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Rishi Sunak and the Mickey Mouse Manifesto: A Work of Bleak Fiction for Another Age

The Conservative manifesto might make a line in an exam paper in 30 years. But voters desperate for change are unlikely to take notice

PM Rishi Sunak, right, visits the Great Oldbury Primary Academy during a Conservative general election campaign event in Stonehouse last Friday. Photo: Phil Noble, Pool via AP / Alamy

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On a drizzly Tuesday morning in Northamptonshire, the Conservative Party launched a work of fiction for which even the sneak previews felt hopelessly passe. Byline Times weren’t present, as we weren’t invited. But we knew the shape of what was coming, through puff pieces and leaked press releases.

Contained in the document is National Service, for 18-year-olds who’ve had their futures blunted. There are more welfare cuts for the left behind. The latter will pay for a tax cut on landlords, as the – let’s face it, outgoing – PM pledges to revive the “party of Margaret Thatcher and Nigel Lawson”. Unfortunately for him, voters seem to want a party of Clem Attlee and Nye Bevan, by a twenty point margin.

A 2p cut in National Insurance alongside a pledge to abolish it will only cause fear among those still desperately trying to get a doctor’s appointment, or those left stranded on growing surgery waiting lists. It is a pledge to ensure school roofs remain replete with cracks, for the rivers to remain flooded with filth. 

Even if his pledges were desirable, the crux of Sunak’s problem is credibility. After 14 years of Conservative rule, the public have no faith any of it will be enacted. A promise to solve the social care crisis is simply the reheated commitment of Boris Johnson, a man who also failed to fix the mess. 

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One of the few progressive pledges is the promise to end no-fault evictions for renters. But again, it’s one that successive Conservative Governments have made and failed to deliver on. The drive to “reform” our relationship with the European Court of Human Rights (ECHR) is intended as red meat for the foot soldiers, but it’s a stale offering past its use-by date.

Nor are voters likely to be moved by Rishi Sunak’s claim that Starmer is a “socialist”. He makes it sound incredibly tempting.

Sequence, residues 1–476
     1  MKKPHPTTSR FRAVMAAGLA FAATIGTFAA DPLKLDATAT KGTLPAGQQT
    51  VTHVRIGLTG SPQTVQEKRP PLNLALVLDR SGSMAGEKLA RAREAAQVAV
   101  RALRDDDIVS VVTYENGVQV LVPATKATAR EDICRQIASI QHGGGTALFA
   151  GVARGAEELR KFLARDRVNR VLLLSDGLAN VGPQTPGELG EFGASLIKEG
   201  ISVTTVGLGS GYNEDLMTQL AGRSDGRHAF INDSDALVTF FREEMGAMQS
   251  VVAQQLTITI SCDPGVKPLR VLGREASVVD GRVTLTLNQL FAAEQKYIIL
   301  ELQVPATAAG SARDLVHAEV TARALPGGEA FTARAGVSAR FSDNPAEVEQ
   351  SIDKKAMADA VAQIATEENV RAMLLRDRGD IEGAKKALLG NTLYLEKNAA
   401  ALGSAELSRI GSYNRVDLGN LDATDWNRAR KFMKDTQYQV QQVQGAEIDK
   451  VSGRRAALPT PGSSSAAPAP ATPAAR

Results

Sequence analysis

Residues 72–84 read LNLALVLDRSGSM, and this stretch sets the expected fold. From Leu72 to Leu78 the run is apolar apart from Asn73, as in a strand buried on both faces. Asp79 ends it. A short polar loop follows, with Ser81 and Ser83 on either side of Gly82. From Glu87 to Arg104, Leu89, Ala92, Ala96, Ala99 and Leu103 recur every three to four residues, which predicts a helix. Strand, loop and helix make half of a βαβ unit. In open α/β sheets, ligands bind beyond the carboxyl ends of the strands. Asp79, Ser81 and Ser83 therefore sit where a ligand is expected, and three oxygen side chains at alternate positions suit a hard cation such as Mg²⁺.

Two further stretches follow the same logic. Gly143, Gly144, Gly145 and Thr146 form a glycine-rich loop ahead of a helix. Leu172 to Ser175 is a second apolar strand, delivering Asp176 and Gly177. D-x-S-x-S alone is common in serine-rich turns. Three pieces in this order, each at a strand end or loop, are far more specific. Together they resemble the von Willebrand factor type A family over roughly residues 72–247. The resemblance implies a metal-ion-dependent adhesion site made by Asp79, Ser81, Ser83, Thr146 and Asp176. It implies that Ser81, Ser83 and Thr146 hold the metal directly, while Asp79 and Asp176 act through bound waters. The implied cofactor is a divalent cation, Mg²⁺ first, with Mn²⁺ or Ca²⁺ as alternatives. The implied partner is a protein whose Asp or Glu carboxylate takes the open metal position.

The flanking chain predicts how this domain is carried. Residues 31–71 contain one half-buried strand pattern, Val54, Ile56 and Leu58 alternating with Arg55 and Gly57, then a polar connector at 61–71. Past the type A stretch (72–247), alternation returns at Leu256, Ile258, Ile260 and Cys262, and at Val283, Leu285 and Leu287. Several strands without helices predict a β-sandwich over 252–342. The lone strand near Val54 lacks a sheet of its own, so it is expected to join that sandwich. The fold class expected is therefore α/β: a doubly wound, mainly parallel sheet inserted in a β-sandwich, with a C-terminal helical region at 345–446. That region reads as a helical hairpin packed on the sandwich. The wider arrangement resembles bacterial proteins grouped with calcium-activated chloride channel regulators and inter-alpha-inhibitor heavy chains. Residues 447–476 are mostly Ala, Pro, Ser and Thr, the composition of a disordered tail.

The Telegraph‘s predictably joyous front page today

Sunak goes big on his youth-baiting mission to scrap Mickey Mouse degrees, in a Mickey Mouse manifesto aimed at a slither of the electorate: GB News viewers, 120,000 Conservative members, and those who somehow haven’t noticed the withering of Britain’s social fabric. 

But in focusing on policies that resonate primarily with Reform Party switchers and the hard right, the Conservatives have effectively given up on winning back Labour voters. This is not a strategy for victory; it’s a strategy for maintaining the status quo.

Indeed, much of the pledges seem to admit as much, comprising commitments not to do XYZ – not to raise income tax, national insurance, or VAT, and pledging not to introduce new taxes on pensions. 

That approach may have worked in the past, but it misses the mark now. The 2p cut in National Insurance failed to move the polls back in January, and there’s no reason to believe another one will today.

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We are in a 1945 moment. People seek a new settlement with the state — high taxes actually leading to better outcomes. A welfare state that works, mended schools, and a reliable health service.

During his interview with the BBC on Monday night, Sunak acknowledged euphemistically that his plans would involve “prioritisation” within Government departments. That means more cuts are inevitable. But he is failing to level with voters on where those cuts will occur. The same, it must be said, goes for Keir Starmer and the IFS’ analysis that Labour plans may also involve £18bn in spending cuts, if the party retains its commitment to get debt down at the end of the next parliament. 

A handful of still uber-loyal newspapers will give the manifesto the works: glowing front pages that look like blusher on a cadaver. Those too will gather dust before they hit the shelves. 

Because Sunak’s campaign has become moot. And this week’s tome will prove interesting reading for historians on holiday in 40 years, or as a source of Whitehall pub quiz questions in another era. Little more can be said for it.

Byline Times is relaunching our VoteWatch project to monitor disinformation, dodgy campaigning, and dark money during the 2024 General Election. Get in touch if you have a tip off or any insights:

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